I’m going to be writing about research for fiction writers, world-building using stolen parts, things I don’t like about various genres and character types (Strong Wymyn™ who would make a Victorian maiden aunt swear like a sailor [as she reloads to deal with the python in her sedan chair {true story}]). Maybe a bit about the traditional publishing industry, although the side I know well is academic, which is a rather specialized sub-section of the industry and is most certainly not representative of the “I can make a living here” part of the publishing world.

18 comments

  1. *twitch* *twitch*
    goes in and neatens your URL, pulling out the tracking fluff

    starts wondering if you did that deliberately as a joke to underscore the “Hi, I make Dorothy pull out hair when marketing is mentioned!
    Decides your sense of humour is subtle enough for that, and doesn’t finish making the link completely marketing friendly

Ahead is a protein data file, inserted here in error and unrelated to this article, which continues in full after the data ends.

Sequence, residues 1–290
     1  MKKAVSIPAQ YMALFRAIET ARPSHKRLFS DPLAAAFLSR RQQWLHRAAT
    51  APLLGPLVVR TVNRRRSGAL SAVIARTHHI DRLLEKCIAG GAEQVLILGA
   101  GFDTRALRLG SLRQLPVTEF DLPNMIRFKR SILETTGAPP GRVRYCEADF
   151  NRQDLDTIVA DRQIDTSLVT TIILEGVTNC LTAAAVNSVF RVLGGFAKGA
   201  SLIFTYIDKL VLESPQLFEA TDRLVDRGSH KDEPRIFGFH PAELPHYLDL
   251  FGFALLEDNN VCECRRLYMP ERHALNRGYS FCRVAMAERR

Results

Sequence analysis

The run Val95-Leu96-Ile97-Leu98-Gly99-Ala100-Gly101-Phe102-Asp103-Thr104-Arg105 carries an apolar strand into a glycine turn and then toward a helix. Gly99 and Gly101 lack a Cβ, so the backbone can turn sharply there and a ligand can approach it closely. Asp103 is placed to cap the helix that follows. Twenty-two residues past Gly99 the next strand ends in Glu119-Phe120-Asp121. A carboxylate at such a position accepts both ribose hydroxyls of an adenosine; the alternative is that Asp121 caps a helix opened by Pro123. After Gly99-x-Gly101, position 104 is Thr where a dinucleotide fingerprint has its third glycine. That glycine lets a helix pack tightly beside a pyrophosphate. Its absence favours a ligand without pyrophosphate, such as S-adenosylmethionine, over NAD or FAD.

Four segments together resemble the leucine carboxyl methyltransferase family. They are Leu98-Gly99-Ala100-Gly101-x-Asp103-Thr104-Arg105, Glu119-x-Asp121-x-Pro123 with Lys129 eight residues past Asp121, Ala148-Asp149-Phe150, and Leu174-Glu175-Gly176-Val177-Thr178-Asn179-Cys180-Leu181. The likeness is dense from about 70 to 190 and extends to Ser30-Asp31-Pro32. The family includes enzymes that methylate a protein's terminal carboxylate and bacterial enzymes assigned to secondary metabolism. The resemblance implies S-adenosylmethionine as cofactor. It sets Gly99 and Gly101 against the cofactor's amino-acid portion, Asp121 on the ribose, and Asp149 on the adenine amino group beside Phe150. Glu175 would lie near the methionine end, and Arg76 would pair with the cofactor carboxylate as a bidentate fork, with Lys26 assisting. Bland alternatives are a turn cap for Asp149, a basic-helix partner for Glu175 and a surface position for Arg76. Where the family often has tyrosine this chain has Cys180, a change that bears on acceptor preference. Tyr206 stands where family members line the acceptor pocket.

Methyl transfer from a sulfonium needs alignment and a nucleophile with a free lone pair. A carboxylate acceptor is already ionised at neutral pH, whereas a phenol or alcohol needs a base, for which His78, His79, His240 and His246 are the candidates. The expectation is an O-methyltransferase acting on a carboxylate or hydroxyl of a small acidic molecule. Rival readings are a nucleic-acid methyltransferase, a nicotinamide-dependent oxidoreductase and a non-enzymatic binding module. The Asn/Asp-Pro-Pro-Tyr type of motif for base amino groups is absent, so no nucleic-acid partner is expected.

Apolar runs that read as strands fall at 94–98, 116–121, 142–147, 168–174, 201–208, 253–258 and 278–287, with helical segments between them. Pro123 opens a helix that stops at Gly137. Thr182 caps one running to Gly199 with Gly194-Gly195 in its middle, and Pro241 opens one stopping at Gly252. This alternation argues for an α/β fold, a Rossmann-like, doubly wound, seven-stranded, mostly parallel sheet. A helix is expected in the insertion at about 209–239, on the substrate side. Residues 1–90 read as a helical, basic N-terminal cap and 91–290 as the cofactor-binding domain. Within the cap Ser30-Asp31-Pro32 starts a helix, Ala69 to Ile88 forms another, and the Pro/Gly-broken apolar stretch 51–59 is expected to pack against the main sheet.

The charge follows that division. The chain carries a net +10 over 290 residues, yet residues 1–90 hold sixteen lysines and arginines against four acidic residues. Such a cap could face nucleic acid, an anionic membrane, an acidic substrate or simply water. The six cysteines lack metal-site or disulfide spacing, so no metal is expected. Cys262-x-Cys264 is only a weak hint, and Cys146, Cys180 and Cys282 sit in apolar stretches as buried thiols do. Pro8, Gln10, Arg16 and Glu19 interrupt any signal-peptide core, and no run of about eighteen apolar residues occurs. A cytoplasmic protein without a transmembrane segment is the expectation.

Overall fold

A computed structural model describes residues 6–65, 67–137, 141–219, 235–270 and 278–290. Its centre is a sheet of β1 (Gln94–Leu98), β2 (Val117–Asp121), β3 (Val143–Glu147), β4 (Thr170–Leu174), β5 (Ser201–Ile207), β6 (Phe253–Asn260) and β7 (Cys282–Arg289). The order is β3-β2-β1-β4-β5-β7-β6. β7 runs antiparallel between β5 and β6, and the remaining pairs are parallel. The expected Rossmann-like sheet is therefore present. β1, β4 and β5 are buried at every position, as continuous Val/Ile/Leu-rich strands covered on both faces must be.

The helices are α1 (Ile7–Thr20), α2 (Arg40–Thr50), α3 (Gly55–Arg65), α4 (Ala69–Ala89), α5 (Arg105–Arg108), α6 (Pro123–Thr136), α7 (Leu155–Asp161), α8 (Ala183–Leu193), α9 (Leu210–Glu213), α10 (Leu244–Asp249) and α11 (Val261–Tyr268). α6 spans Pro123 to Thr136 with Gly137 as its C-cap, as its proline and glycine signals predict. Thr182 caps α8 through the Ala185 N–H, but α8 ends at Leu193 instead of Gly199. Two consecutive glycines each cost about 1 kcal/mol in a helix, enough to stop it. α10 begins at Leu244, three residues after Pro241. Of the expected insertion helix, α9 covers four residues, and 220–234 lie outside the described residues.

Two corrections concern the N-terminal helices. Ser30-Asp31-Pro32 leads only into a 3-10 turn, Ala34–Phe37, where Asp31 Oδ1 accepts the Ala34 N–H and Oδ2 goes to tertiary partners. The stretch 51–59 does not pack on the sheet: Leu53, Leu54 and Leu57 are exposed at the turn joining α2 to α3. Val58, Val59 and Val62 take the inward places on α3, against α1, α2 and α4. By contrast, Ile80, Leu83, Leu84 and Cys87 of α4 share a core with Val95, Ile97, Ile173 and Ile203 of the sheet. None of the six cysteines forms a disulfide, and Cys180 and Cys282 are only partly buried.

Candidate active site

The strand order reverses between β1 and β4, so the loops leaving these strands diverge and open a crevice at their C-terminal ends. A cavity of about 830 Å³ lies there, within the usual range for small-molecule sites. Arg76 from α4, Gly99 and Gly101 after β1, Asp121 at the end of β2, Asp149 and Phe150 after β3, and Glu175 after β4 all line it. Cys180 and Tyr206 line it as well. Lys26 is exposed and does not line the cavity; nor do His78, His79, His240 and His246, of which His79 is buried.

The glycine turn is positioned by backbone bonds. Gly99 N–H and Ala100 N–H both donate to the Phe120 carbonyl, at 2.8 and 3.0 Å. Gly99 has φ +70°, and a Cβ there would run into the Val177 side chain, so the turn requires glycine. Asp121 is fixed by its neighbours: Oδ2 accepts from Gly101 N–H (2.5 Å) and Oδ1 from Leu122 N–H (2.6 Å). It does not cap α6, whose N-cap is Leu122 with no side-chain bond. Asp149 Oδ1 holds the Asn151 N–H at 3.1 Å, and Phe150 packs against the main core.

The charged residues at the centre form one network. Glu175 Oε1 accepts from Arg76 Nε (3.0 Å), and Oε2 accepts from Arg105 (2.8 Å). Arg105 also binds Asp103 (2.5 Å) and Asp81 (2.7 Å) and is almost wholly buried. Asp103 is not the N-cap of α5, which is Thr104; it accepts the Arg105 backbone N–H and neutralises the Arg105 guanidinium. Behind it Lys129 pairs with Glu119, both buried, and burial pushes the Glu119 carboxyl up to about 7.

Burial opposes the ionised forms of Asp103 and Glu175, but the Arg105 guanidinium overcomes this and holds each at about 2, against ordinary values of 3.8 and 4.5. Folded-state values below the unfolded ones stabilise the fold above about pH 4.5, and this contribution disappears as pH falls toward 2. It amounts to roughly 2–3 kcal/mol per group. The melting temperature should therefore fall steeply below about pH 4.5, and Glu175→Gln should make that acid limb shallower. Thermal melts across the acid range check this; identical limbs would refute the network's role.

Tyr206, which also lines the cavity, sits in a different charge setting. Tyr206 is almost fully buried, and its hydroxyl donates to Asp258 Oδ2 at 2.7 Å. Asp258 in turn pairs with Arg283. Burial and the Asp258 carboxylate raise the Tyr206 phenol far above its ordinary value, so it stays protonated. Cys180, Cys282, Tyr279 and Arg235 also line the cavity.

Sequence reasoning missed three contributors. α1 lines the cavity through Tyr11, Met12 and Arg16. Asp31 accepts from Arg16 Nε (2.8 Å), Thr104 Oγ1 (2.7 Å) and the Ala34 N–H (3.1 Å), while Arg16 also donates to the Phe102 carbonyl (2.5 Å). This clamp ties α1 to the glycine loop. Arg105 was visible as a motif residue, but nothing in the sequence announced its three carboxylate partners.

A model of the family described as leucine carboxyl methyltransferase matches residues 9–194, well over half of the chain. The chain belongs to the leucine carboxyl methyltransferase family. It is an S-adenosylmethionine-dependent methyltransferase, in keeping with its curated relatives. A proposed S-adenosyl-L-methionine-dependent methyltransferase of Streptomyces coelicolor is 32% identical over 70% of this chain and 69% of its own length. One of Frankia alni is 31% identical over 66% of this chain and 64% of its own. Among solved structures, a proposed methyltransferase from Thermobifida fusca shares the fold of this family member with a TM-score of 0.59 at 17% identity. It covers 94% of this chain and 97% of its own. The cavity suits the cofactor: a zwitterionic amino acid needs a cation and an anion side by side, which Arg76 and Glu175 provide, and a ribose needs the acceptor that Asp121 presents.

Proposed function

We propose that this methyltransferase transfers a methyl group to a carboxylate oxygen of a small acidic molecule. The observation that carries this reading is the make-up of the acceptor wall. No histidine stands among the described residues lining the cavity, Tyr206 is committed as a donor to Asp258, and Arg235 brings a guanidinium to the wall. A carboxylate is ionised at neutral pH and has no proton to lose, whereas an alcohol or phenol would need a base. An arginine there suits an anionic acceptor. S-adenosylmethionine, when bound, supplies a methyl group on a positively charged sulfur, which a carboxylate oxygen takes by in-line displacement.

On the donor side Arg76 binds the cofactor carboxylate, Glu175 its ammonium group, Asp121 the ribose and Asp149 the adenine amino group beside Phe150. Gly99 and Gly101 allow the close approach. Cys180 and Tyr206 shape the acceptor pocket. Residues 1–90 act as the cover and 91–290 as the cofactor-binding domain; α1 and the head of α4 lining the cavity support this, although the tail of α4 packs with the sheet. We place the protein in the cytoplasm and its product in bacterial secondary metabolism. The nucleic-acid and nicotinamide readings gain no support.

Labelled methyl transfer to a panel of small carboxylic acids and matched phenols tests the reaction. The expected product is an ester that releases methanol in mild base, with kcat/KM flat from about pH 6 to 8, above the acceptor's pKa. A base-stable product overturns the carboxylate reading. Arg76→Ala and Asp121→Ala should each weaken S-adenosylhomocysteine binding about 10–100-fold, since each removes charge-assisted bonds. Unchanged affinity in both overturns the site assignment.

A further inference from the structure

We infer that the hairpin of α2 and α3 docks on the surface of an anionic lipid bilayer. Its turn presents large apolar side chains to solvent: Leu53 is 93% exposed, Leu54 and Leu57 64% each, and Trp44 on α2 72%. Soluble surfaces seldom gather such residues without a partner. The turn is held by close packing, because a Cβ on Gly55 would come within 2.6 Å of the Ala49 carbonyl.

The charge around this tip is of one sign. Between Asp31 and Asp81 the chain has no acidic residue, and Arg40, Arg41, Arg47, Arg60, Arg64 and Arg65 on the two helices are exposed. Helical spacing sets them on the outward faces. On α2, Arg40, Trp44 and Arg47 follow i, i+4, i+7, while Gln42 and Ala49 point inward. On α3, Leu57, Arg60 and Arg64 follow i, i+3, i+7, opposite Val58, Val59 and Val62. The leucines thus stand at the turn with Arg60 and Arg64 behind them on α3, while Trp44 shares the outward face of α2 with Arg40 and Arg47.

We all have our strengths and weaknesses, and you are better at many things than me! Welcome back!

    1. Nein, I just have not found out yet (lack of digging on my part) how to pull a clean link from the ‘Zon, since they don’t include them in the nice “You’ve Got Book!” notices any more.

      1. How to make a clean link: take the base stub of https://www.amazon.com, add /dp/ for Digital Product, then add the ASIN for Amazon Standard Identification Number, with a trailing slash on the end.

      2. I generally go to it from — somewhere — and then I trim off the stuff at the end and test it by plopping the URL in the browser.

  2. Wow! Just as I was starting to write, I came across “Cat Among Dragons” and remember it pretty vividly (liked it! About to buy the rest of the series now that I know there are more…) and it made me look for more of your work (I have over 20 titles (soon to be 30), so someone buys you!)